Once everything is mounted in the electrical enclosure, wiring will need to be run from the enclosure to table motor, mechanical arm, and push buttons and the power supply cable will need to be run to an outlet

Once wiring is laid out, and finalized, use the zip-tie mounting pads to make the wire paths neat and secured to bottom of table

Final location of buttons is still up in the air, follow on team can pick final location at their discretion

It is suggested that follow on team looks into a way to mitigate risk of electrical enclosure becoming electrified if power supply cable breaks

The Schematic Drawing is not accurate. Had to redesign midway for better wiring clearance, and could not get access to modified PCB so drawing is an attempt to see changes

Arm

Mechanical Work

Need to complete color bar holder

Attach color bar to color bar holder. Does not need to have a very strong mode of adhesive to the holder, but the color bar will need to remain in a consistent position as the arm moves from position to position. One idea for implementing this is slotting an indent in the holder that is the dimensions of the color bar, which can remain inside and resist any motion on it. Another is using an adhesive substance, provided by Elizabeth, to attach the color bar to the holder in a non-permanent way.

Electical Work

The electrical work is functional, and just needs some tuning. The number of steps required to go forward is lower than the number of steps required to move backwards the same distance, so that will need to be accounted for. Also, we have the Teensy break a few times. We’re still not entirely sure what caused this, but be very careful to make sure everything is grounded properly before connecting it to the power supply and the computer.

Software

Autocrop

Code still requires additional testing to verify continued reliability in addition to the improved performance time. Attention should be directed at the cropping of the color bar out of the image, leaving just the artifact. Currently, the raycast is only being performed at the center of each side perpendicular to the corresponding side in order to locate the artifact edges. After this initial crop, additional raycasts can be performed starting in each corner in order to find the gap between the color bar and the artifact. This can be used to crop the color bar from the artifact.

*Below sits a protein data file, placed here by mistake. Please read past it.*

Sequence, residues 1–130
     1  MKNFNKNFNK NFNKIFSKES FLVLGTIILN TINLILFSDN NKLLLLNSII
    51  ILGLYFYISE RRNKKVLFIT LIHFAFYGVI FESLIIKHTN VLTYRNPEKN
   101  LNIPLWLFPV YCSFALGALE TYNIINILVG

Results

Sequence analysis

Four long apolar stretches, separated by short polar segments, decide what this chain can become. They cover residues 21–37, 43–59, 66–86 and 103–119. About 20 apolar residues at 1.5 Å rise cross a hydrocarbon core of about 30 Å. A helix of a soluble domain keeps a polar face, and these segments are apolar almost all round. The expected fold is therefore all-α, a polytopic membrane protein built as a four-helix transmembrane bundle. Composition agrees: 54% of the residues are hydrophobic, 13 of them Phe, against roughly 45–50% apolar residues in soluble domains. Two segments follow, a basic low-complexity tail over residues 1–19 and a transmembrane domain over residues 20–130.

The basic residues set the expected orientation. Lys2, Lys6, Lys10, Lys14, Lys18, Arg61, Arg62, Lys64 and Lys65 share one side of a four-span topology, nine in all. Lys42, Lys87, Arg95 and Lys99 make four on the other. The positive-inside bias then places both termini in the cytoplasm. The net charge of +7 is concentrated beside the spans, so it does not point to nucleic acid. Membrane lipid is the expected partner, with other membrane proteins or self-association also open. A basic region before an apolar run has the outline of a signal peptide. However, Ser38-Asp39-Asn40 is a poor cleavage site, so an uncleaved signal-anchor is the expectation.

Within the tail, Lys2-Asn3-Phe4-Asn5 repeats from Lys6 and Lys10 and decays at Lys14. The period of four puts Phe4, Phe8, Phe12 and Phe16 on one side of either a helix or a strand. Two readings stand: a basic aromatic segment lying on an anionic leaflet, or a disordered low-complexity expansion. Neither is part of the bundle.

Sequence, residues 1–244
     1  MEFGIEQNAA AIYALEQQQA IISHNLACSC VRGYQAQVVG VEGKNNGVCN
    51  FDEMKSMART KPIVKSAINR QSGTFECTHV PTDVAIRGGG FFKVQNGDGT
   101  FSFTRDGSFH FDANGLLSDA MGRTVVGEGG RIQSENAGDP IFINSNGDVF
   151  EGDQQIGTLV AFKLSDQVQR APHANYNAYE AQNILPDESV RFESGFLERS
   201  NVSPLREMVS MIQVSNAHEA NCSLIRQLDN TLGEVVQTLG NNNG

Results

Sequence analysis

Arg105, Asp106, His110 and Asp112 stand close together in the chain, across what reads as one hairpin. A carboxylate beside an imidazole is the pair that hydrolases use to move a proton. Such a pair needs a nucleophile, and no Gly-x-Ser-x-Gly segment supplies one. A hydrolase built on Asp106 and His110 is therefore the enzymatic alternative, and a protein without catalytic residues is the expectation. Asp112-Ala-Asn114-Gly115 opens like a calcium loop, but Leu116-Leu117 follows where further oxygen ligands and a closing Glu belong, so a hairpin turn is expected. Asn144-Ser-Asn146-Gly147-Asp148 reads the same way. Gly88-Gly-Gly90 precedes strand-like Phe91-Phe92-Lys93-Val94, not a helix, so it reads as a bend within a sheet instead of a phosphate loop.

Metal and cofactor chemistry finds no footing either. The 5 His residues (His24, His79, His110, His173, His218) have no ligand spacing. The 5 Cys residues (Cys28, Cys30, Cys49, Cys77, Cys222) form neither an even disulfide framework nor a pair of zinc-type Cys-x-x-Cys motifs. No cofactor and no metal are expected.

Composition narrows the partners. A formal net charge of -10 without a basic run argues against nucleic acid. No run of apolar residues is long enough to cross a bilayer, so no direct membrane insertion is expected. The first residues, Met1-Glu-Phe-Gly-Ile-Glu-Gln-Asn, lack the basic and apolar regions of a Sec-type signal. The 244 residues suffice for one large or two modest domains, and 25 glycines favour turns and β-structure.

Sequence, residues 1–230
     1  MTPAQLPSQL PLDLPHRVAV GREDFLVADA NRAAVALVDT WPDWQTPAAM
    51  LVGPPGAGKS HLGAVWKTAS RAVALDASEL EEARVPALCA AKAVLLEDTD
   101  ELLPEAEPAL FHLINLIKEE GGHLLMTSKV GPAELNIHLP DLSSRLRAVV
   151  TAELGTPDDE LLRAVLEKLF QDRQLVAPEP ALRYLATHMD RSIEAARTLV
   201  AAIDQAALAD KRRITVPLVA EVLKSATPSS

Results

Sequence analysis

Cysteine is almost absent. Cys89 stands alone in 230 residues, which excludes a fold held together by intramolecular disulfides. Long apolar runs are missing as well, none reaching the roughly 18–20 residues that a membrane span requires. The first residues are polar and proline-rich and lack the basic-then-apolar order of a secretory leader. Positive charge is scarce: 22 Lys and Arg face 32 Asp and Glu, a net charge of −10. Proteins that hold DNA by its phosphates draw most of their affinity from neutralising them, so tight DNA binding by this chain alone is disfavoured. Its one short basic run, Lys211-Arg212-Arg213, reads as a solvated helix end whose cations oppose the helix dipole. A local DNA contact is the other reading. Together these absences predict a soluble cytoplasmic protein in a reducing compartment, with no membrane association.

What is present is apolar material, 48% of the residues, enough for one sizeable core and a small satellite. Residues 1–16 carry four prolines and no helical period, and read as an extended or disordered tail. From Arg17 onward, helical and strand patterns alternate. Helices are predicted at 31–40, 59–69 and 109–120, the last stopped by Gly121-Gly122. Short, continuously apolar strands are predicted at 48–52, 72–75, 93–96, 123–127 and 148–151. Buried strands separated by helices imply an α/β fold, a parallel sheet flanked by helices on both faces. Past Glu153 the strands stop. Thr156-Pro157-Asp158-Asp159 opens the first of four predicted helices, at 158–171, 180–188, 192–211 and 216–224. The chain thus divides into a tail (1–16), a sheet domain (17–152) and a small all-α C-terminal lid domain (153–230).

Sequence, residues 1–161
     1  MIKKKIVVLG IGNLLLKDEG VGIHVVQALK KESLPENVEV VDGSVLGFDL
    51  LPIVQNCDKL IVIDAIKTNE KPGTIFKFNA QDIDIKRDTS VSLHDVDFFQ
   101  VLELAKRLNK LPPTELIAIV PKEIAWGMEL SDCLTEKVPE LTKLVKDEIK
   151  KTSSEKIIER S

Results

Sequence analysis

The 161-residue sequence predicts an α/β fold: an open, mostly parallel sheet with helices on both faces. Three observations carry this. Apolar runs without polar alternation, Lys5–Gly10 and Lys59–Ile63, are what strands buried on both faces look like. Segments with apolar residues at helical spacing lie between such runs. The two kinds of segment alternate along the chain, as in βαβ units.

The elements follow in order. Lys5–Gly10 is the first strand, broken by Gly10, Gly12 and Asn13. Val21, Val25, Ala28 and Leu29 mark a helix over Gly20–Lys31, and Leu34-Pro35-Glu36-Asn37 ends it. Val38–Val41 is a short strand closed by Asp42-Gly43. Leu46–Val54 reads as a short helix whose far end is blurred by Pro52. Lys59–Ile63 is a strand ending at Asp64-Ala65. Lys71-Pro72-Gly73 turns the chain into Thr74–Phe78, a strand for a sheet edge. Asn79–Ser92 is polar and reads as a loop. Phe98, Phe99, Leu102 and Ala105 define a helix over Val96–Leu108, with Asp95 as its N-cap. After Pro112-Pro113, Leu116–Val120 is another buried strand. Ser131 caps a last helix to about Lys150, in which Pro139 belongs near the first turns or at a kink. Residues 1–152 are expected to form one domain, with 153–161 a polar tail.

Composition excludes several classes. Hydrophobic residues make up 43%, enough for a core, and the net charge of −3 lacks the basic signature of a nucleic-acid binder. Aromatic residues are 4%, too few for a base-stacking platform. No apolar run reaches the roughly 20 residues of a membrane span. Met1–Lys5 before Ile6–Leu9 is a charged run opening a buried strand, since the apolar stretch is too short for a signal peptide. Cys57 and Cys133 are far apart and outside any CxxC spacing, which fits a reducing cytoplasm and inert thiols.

Also, code still needs to be integrated with the Applescript for multithreaded performance.

Teensey

Placeholder values are currently in place for both the stepper motor driving the mechanical arm and the DC servo motor driving the rotating table. These values should be adjusted accordingly in integration testing. Also, the buffer for the buttons should be tested to verify the OnButtonDown, OnButtonUp, etc code works as desired.

Test Results Summary

Design Vs Requirements

A link to the live document can be found here.

Design vs Requirements

Design vs Requirements

Key

Key

Risk and Problem Tracking

Final Project Documentation

Functional Demo Materials

Plans for Wrap-up

Due to the ongoing coronavirus pandemic, we were unable to complete our project as desired. We left detailed documentation on how we were planning to finish our project and how a future group can potentially take over.

Our plan for the next group can be found here

Final Documents

A directory consisting a snapshot of all of our live documents as of this phase can be found here (files) and here (photo gallery).

Additional Files

As a reminder, ALL of our team's files and documents are available on the Edge directory, which can be accessed here.

Not all files can be displayed on an Edge webpage, especially for 3D models, simulations, code files, Movie Maker files, absurdly large image files (~gig in size) and other binary files, but this shared directory contains ALL of our team's files.

Because of repeated confusion of whether our work is posted on Edge, please check the actual Edge directory. (Trying to navigate the file directory should be no more complicated than navigating the MSD MyCourses documents.)

It is our objective to preserve ALL of our work for future teams to see. Some work may be placed in the /private directory, however, but we did try to move everything needed to /public.

A backup of our Google Drive is also available here.